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I've got a fairly large site, with a lot of jQuery code for lots of different pages. We're talking about 1000 lines of fairly well optimized code (excluding plugins).

I know jQuery is fairly good at ignoring listeners for page elements that don't exist, but it still has to test their existence when the page loads. I'm also creating a load of vars (including decent sized arrays and objects), but only a few of them are used on each page.

My Question is: What's the best method of cutting down the amount of work each page has to do?

However, I do NOT want to split up the code into separate files. I want to keep all my code in 1 place and for the sake of efficiency I only want to call the server to download JS once (it's only 30kb, smaller than most images).

I've thought of several ways so far:

  1. Put all my code chunks into named functions, and have each page call the functions it needs from inline <script> tags.
  2. Have each page output a variable as the pageID, and for each chunk of have an if statment: if (pageID = 'about' || pageID = 'contact') {code...}
  3. Give each page (maybe the body tag) a class or ID that can be used to identify the chunks that need executing: if ($('.about').length || $('.contact').length) {code...}
  4. Combine 1 and 2 (or 1 and 3), so that each page outputs a variable, and the if statments are all together and call the functions: if (pageID = 'about') {function calls...}

Any other ideas? Or which is the best/most efficient of those? Thanks!

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1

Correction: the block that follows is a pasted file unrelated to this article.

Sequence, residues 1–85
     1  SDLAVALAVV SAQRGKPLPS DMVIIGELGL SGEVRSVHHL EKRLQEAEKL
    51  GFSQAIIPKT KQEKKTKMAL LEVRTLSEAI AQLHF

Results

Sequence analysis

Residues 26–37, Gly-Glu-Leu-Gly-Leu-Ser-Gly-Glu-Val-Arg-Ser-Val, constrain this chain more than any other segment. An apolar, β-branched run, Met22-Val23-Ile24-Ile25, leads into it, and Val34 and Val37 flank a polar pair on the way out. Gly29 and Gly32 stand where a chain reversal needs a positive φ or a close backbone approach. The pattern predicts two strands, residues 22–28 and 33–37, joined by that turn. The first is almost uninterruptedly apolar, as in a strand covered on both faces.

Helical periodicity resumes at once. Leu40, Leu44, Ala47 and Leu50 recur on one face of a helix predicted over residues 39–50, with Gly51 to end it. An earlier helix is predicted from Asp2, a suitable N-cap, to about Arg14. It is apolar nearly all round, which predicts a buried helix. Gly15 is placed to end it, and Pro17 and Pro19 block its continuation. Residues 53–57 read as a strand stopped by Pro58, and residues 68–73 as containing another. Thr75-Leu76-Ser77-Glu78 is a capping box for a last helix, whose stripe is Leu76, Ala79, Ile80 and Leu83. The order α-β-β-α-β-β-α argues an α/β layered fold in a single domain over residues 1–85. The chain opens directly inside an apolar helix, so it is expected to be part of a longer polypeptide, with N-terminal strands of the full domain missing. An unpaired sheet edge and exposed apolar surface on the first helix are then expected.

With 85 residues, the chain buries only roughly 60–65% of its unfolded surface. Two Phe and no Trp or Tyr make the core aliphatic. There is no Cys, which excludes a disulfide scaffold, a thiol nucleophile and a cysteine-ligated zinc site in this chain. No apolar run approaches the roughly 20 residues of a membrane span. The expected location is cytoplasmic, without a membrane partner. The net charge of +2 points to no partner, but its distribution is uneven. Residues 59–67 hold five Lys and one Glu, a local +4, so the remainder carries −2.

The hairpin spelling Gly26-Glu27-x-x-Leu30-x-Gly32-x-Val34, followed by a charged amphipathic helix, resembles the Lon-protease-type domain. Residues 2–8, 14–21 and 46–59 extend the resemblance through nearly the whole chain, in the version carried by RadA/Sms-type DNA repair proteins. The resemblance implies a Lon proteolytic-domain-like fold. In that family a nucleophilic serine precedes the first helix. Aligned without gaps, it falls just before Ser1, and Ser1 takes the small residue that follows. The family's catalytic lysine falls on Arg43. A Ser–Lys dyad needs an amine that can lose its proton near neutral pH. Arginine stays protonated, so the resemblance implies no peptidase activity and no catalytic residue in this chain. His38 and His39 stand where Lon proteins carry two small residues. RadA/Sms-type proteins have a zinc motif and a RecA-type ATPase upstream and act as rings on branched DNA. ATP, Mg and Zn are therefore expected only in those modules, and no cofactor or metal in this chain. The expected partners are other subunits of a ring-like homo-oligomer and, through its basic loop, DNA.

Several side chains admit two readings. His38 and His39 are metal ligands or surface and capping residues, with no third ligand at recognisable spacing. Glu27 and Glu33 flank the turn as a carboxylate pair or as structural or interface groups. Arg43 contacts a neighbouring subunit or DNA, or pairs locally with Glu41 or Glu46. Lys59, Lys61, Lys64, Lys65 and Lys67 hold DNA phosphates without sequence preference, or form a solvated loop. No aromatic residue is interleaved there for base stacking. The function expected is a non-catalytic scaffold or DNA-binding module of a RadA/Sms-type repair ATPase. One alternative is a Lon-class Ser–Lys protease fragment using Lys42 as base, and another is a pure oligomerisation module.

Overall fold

This seems relevant. Load everything as seperate files and fire page specific files based on url. Then use a javascript packer to pack everything into one big file. –  Raynos May 10 '11 at 0:41

2 Answers 2

up vote 4 down vote accepted

Your first option will be fastest (by a minute margin).
You'll need to remember to call the functions from the correct pages.

However, don't bother.
Unless you've measured a performance impact in a profiler, there is no need to optimize this much.

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Indeed. The performance impact is a factor of both "cost" and the number of times executed. –  user166390 May 9 '11 at 22:19

I would argue that you are taking more of a performance hit for downloading the 30k then you will ever see from the code execution. That said, you could always test your url to determine the page and run all setup methods through a bootloader that determines the correct functions to run/ events to bind at load time. Something like the following maybe:

$(function(){
  var page_methods = {
        home : [meth_1, meth_2],
        about : [meth_3, meth_2]
      },
      page = location.pathname.match(/\/(\w)$/)[1],
      i = 0,
      meth;

  for ( ; meth = page_methods[ page ][ i++ ] ; ){
    meth();
  }
});
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